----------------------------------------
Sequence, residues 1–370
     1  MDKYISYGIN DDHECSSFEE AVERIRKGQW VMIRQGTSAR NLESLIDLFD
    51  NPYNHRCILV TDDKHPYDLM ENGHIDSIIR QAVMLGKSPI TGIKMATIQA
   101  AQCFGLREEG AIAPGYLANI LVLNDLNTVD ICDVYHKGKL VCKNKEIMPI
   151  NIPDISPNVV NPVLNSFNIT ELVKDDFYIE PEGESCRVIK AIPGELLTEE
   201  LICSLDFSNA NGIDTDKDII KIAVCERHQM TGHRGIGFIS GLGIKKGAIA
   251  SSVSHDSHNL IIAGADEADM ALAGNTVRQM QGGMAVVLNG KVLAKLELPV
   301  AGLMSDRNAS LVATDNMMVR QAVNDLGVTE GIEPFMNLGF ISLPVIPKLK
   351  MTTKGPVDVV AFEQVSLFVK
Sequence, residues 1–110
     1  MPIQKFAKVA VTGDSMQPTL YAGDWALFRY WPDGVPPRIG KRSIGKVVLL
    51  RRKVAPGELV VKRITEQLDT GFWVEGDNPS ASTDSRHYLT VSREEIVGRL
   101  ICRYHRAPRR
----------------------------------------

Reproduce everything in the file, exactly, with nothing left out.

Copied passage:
Sequence, residues 1–370
     1  MDKYISYGIN DDHECSSFEE AVERIRKGQW VMIRQGTSAR NLESLIDLFD
    51  NPYNHRCILV TDDKHPYDLM ENGHIDSIIR QAVMLGKSPI TGIKMATIQA
   101  AQCFGLREEG AIAPGYLANI LVLNDLNTVD ICDVYHKGKL VCKNKEIMPI
   151  NIPDISPNVV NPVLNSFNIT ELVKDDFYIE PEGESCRVIK AIPGELLTEE
   201  LICSLDFSNA NGIDTDKDII KIAVCERHQM TGHRGIGFIS GLGIKKGAIA
   251  SSVSHDSHNL IIAGADEADM ALAGNTVRQM QGGMAVVLNG KVLAKLELPV
   301  AGLMSDRNAS LVATDNMMVR QAVNDLGVTE GIEPFMNLGF ISLPVIPKLK
   351  MTTKGPVDVV AFEQVSLFVK
Sequence, residues 1–110
     1  MPIQKFAKVA VTGDSMQPTL YAGDWALFRY WPDGVPPRIG KRSIGKVVLL
    51  RRKVAPGELV VKRITEQLDT GFWVEGDNPS ASTDSRHYLT VSREEIVGRL
   101  ICRYHRAPRR